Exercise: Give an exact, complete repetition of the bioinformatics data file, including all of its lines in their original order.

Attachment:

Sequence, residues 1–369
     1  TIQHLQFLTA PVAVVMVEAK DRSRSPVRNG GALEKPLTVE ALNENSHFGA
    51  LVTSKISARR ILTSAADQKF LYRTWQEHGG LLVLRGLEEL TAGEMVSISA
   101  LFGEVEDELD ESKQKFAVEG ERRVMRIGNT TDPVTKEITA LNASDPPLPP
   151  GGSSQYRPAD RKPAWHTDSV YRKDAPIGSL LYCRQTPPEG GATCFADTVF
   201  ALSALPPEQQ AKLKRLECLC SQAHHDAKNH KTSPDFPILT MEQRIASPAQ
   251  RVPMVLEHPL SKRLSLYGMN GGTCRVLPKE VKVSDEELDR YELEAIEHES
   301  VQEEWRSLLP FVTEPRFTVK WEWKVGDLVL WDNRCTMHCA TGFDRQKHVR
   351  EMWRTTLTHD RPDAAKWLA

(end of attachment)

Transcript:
Sequence, residues 1–369
     1  TIQHLQFLTA PVAVVMVEAK DRSRSPVRNG GALEKPLTVE ALNENSHFGA
    51  LVTSKISARR ILTSAADQKF LYRTWQEHGG LLVLRGLEEL TAGEMVSISA
   101  LFGEVEDELD ESKQKFAVEG ERRVMRIGNT TDPVTKEITA LNASDPPLPP
   151  GGSSQYRPAD RKPAWHTDSV YRKDAPIGSL LYCRQTPPEG GATCFADTVF
   201  ALSALPPEQQ AKLKRLECLC SQAHHDAKNH KTSPDFPILT MEQRIASPAQ
   251  RVPMVLEHPL SKRLSLYGMN GGTCRVLPKE VKVSDEELDR YELEAIEHES
   301  VQEEWRSLLP FVTEPRFTVK WEWKVGDLVL WDNRCTMHCA TGFDRQKHVR
   351  EMWRTTLTHD RPDAAKWLA